Tuesday October 17: Five things the markets are talking about
The ‘mighty’ U.S dollar has found some tentative support as investor speculation climbs on the back of the next Fed head being more ‘hawkish.’
John Taylor, a candidate for Fed chair is known for a policy rule that would suggest higher interest rates, was said to have impressed President Trump in an interview last week. The President is to reportedly formally interview Fed Chair Yellen later this week.
Elsewhere, ongoing geopolitical risks (N. Korea, Spain’s Catalan region and Brexit) has convinced many equity investors to consider taking a ‘time-out.’ Regional equity bourses are seeing mixed results as N. Korea warned that a nuclear war could ‘break out any moment,’ while in Europe, investors await the next move in the standoff over independence for Catalonia, while in the U.K Brexit talks could be headed for a breakdown.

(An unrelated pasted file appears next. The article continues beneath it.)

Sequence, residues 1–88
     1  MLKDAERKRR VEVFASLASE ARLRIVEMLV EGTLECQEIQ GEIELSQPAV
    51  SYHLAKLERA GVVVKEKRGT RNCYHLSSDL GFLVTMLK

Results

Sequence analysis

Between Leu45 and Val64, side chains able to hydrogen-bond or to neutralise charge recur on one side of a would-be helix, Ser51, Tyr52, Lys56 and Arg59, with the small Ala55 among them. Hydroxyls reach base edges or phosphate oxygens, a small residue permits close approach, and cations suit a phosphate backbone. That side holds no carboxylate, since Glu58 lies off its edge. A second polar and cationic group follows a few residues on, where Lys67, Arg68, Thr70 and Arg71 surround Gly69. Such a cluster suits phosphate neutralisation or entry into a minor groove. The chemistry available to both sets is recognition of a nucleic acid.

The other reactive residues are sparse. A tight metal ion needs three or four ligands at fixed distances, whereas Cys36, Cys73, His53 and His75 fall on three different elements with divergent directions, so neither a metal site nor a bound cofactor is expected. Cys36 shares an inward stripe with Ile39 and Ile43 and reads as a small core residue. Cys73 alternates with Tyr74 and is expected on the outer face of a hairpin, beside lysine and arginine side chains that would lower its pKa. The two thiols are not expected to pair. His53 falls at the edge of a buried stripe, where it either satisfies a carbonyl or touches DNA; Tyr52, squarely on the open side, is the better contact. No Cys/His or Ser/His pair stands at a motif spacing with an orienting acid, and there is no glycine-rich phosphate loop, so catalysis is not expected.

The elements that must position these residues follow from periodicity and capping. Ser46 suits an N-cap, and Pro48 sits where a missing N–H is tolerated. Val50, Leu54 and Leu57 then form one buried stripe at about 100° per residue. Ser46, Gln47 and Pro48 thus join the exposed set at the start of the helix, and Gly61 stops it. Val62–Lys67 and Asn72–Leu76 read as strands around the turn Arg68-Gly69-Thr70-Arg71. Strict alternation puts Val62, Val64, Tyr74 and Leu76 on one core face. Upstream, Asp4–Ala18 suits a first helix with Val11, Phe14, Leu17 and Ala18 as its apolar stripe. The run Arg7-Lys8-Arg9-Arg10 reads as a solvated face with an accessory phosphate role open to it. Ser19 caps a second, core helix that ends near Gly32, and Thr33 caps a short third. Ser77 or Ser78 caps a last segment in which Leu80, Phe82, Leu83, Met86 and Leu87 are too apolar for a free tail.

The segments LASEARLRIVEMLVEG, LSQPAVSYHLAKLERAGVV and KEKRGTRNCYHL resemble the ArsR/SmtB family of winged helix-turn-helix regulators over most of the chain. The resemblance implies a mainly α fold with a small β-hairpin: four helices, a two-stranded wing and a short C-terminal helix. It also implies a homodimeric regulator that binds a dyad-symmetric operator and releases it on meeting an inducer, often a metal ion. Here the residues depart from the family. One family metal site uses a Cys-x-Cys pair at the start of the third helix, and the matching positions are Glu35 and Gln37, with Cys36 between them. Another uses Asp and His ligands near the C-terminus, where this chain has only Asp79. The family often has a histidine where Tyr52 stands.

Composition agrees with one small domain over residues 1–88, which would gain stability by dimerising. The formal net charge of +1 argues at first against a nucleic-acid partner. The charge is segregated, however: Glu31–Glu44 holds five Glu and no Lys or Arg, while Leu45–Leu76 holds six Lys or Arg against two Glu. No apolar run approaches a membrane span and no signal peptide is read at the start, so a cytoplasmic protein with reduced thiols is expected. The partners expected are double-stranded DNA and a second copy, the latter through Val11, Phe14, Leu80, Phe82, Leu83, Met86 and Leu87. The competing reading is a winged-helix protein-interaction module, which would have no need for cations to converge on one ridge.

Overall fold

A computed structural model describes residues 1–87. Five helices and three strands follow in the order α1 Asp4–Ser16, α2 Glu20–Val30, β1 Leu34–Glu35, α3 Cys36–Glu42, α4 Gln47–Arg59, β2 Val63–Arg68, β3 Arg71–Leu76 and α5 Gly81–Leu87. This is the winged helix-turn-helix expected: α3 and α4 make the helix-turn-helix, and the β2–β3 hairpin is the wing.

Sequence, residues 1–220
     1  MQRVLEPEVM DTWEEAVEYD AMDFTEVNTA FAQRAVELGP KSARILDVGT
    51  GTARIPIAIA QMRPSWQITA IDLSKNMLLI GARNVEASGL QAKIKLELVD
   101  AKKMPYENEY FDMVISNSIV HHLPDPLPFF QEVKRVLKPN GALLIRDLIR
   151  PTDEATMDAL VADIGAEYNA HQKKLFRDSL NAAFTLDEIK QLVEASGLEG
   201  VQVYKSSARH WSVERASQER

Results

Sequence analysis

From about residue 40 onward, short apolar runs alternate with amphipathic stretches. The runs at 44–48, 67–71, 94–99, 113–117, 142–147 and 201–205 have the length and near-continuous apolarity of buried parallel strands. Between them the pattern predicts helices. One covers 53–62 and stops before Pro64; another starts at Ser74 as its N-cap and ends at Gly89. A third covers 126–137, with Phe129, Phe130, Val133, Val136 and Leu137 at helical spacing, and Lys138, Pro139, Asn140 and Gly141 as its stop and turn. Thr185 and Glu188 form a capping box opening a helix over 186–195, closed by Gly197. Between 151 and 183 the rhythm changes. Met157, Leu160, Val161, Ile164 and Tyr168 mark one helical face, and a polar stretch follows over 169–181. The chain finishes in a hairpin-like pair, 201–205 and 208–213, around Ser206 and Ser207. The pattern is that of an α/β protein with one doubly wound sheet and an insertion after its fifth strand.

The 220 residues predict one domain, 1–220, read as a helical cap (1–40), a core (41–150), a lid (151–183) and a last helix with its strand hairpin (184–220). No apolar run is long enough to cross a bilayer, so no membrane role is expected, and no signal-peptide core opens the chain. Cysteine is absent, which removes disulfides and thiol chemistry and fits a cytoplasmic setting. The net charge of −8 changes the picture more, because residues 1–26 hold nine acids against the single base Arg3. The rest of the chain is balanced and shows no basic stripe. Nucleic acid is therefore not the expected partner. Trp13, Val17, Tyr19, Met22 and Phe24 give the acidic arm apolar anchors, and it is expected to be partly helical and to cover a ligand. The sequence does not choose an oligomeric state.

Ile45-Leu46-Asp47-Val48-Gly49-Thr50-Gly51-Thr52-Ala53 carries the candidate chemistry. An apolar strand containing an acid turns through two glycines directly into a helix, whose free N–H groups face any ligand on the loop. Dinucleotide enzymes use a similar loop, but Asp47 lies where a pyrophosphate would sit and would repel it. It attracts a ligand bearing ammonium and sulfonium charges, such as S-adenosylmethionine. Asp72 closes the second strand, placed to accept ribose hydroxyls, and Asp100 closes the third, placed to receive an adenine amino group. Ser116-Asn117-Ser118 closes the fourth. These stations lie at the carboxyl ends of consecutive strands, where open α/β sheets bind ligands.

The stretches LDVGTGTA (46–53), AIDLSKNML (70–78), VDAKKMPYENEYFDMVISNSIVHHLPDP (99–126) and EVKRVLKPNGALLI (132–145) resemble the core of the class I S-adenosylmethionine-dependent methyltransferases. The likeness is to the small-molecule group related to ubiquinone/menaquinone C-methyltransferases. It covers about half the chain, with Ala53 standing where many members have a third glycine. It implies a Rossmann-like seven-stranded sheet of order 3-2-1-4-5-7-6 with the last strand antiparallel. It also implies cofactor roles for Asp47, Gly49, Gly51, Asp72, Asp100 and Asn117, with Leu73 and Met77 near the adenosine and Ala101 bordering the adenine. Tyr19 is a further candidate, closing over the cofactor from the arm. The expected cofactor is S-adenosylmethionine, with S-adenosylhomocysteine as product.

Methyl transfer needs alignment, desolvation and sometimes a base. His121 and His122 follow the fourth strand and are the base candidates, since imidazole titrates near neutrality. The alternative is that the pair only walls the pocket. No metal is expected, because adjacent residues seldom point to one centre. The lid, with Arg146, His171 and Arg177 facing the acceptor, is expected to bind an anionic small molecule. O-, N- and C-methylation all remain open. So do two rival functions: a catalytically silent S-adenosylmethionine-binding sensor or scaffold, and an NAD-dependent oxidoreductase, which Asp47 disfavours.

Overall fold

Note: Bank of England (BoE) Governor Carney appears before the U.K Parliament’s Treasury Committee for the first time since June’s election this morning (06:15 am EDT).
A host of Fed speakers and the publication of the Beige Book this week may provide further clues about the U.S policy path – Philly Fed Harker today, and NY President Dudley and Dallas Fed Kaplan tomorrow.
1. Stocks pause atop lofty heights
In Japan, the Nikkei share average rallied for a 11th consecutive session as a stable yen (¥112.17) supported exporters, while expectations that Abe’s ruling bloc will win the election this weekend continues to underpin sentiment. The Nikkei ended +0.4% higher, while the broader Topix was up +0.2%.
Note: A survey Monday showed that Japanese PM Abe’s ruling coalition is on track for a big win in Sunday’s general election.
Down-under, Australia’s S&P/ASX 200 Index rose +0.7% and South Korea’s Kospi index was up +0.2%.
In Hong Kong, stocks were little changed in quiet trading as investors wait for China’s Communist Party congress to begin and Q3 Chinese economic data this week. The Hang Sang index was unchanged, while the China Enterprises Index lost -0.3%.